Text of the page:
Clark School Home UMD

ISR News Story

Ott Gives Invited Talks on Machine Learning at the Imperial College London and the Alan Turing Institute

Prof. Boumediene Hamzi (Alfaisal University), Prof. Edward Ott, and Prof. Eyad Abed.
Prof. Boumediene Hamzi (Alfaisal University), Prof. Edward Ott, and Prof. Eyad Abed.

Professor Edward Ott (ECE/IREAP/Physics) recently gave two invited talks in London. The first was hosted at Imperial College London by both the Symposium on Machine Learning and Dynamical Systems (which was held February 11-13) and the Data Science Institute of Imperial College. The second talk was hosted by the Alan Turing Institute on February 14.

Prof. Ott’s first talk, on the afternoon of February 11, was entitled “Machine Learning for Forecasting Chaos.” This presentation at the Symposium on Machine Learning and Dynamical Systems was also selected as the first in the 2019 Distinguished Lecturer Series of the Data Science Institute of Imperial College London. The lecture addressed possible machine learning approaches to learning chaotic dynamical systems from observed data. A “reservoir computing” approach was investigated involving model-free training a neural network to reproduce the system dynamical behavior. The talk reported positive results on the ability to train a neural network to adjust to an observed input/output behavior even with a large number of adjustable parameters and chaotic dynamical behavior. The Kuramoto-Sivashinsky partial differential equation was used to generated synthetic training data for case studies applying the presented techniques.

The Symposium at Imperial College was supported in part by the Alan Turing Institute, which also invited Professor Ott to present a second talk at the Turing Institute on February 14. This talk, entitled “Machine Learning Analysis of Chaotic Dynamics and Vice Versa,” was presented at The Enigma Room in the headquarters of the Alan Turing Institute at the British Library in London, England. Prof. Ott discussed further investigations related to machine learning of chaotic dynamics, including short-time prediction of system trajectories and longer-term reproduction of the statistics of the chaotic behavior. Insights into this and related issues were given, including the role of symmetries in dynamical system models.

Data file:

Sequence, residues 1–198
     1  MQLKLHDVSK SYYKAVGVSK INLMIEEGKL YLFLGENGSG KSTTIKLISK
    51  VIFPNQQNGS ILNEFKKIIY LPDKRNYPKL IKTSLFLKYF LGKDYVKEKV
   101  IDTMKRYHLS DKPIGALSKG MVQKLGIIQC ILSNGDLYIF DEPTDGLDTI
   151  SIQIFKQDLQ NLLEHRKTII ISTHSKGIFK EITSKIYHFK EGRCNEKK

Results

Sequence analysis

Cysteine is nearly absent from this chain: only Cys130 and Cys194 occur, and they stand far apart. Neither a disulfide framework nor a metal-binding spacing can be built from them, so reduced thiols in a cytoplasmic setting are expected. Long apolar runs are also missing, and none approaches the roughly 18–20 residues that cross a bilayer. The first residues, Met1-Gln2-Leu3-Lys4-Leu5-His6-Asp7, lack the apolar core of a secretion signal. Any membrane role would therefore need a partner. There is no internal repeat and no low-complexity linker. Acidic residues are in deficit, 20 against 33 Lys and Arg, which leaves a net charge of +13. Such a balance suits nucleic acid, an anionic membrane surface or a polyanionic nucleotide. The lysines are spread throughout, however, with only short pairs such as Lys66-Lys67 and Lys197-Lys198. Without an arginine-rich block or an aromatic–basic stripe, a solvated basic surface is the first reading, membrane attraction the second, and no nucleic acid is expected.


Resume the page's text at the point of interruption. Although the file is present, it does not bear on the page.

Also participating in the events was Prof. Eyad Abed (ECE), who attended as an invited participant. Prof. Abed moderated the closing panel discussion of the Symposium on February 13, leading a discussion of lessons learned and future research opportunities at the intersection of machine learning and dynamical systems analysis. Both Prof. Ott and Prof. Abed were asked to join a steering committee which will manage future activities of the assembled group in this field, including future envisioned symposia and publications.

The Symposium on Machine Learning and Dynamical Systems was the inaugural symposium in a series that aims to bring together researchers from complementary backgrounds who will address: (i) Machine Learning for Dynamical Systems: how to analyze dynamical systems on the basis of observed data rather than attempt to study them analytically; and (ii) Dynamical Systems for Machine Learning: how to analyze algorithms of Machine Learning using tools from the theory of dynamical systems. The Symposium was very successful, bringing together some 150 researchers from across the world, and providing a valuable view of the state of research at the confluence of machine learning and dynamical systems.

Related Articles:
University of Maryland Selected as Partner for New Research Consortium for Artificial Intelligence and Machine Learning
Radioactive Material Detected Remotely Using Laser-induced Electron Avalanche Breakdown
Williams Nominated to Lead ARPA-E

February 22, 2019


Prev   Next

 

 

Current Headlines

Clark School student teams sweep MAV competition

Alum Domenic Forte receives $1M ECASE-Army cybersecurity award

2019 Dean's Doctoral and Master's Student Research Awards

Simon, Lau to investigate neural bases of natural language understanding

Helping robots remember

University Medal Awarded to Electrical Engineering Senior Jerome Quenum

Smart signals, safer intersections

BBI Announces FY19 Seed Grant Awards

Clark School Research in the News: Transplant Organ Flown by UAS

Have You Seen this Cube?

News Resources

Return to Newsroom

Search News

Archived News

Events Resources

Events Calendar